For safe operation, the shim program requires that the sql server run with the ANSI sql isolation level set to SERIALIZABLE in order to prevent phantom reads, that is that the mysql default sql isolation level be changed from the default and oxymoronic level of REPEATABLE-READ to the safer level of SERIALIZABLE. This is necessary to ensure that transactions are ACID, that is atomic, consistent, isolated, and durable. The trading-shim checks for this property, and, by design, will not start without it.
There are various ways to control the isolation level; for mysql it may be set: at the session level; on the server command line; via a command, e.g., ``set global transaction isolation level serializable;'' as by past versions of the setup script; and in the server configuration file.
Partial change, on a per session basis, misses the point that all database application write access should be safe and transactional, so that the data can be trusted, and so about which no more. Command operation unfortunately does not persist, so that although placing the command in the setup script solved the problem temporarily, the change was lost after the first server restart. The apparently most straight-forward approach might seem to be to edit the mysqld command line in order to add the argument -sql-mode=ANSI, so ensuring conformance with a number of ANSI sql requirements, including the isolation level. 3.1Most systems start the mysql server automatically, when the system starts up, and so doing this would require changing the init or startup script for the mysqld program. Since these scripts vary from one platform to the next, and are somewhat opaque even on Linux, this leaves the last option, modification of the server configuration file.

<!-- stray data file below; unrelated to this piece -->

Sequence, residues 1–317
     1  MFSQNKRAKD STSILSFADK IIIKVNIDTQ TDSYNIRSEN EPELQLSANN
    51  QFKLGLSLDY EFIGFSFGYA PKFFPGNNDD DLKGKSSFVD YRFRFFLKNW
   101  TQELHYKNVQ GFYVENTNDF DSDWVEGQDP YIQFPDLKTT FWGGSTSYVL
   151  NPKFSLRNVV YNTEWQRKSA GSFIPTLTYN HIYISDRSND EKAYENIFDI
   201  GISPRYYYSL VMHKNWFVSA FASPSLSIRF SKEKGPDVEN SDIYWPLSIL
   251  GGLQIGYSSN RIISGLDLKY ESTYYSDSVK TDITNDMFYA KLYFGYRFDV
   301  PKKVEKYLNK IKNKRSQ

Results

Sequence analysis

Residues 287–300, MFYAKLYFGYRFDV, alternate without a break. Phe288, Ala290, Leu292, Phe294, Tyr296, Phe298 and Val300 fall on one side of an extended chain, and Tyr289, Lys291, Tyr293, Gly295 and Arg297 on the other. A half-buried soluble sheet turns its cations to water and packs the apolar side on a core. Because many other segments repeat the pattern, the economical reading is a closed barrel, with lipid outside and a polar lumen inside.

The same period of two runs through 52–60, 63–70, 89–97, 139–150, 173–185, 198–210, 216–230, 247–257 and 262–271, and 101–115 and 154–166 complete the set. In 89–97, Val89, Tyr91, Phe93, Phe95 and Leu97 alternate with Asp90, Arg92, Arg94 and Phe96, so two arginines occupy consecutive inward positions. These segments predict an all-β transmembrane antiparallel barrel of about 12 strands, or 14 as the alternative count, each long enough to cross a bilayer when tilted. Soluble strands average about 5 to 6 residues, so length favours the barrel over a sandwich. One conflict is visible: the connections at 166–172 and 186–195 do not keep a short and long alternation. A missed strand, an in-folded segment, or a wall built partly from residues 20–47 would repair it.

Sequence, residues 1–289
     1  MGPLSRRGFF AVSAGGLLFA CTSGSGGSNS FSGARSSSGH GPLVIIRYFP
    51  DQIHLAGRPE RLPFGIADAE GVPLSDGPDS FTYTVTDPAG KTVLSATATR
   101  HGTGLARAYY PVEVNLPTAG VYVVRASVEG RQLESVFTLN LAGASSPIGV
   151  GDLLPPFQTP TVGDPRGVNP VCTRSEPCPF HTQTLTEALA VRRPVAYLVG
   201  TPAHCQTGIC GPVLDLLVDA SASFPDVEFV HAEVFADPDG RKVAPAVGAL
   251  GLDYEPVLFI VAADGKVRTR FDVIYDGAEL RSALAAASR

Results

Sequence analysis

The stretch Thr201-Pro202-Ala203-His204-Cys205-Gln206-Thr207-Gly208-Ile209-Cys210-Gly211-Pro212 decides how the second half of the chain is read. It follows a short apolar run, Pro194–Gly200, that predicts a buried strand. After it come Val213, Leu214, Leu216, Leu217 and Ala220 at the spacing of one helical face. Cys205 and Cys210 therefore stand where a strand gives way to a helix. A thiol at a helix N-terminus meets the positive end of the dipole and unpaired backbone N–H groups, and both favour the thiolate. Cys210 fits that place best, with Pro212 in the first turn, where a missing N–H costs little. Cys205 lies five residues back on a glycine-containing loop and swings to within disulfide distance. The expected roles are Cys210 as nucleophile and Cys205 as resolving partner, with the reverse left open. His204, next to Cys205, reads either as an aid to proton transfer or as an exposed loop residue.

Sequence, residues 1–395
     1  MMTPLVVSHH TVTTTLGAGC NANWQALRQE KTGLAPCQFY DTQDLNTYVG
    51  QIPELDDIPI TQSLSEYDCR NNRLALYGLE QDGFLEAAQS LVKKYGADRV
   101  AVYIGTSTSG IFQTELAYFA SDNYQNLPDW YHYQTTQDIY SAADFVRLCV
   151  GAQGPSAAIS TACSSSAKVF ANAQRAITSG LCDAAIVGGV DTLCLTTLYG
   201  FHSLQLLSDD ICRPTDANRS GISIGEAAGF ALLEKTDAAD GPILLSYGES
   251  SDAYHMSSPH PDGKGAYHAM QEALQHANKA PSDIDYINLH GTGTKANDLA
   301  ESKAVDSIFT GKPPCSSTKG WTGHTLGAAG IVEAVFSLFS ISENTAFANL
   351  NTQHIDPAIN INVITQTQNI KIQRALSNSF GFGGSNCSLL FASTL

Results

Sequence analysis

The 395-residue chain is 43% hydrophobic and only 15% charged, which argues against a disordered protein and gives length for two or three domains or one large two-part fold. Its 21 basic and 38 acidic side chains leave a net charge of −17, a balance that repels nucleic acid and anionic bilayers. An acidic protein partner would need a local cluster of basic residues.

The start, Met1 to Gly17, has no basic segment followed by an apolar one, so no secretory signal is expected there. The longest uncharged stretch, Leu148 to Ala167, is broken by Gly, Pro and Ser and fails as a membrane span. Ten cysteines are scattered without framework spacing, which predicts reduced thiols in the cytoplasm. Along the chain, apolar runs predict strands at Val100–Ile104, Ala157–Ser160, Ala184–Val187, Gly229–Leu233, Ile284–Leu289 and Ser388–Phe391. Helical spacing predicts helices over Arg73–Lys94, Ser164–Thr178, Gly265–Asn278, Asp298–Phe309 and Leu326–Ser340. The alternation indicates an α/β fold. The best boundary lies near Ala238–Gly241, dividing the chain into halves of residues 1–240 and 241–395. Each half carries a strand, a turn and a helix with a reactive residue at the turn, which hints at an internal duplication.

Edit the /etc/my.cnf file to insert the line transaction-isolation = SERIALIZABLE in the mysql stanza. Figure 3.8 gives a patch against that file, and in fact the patch may be found as the file sql/mysql.iso.patch in the distribution. Note that applying this change will require root authority.
Bill Pippin 2010-01-14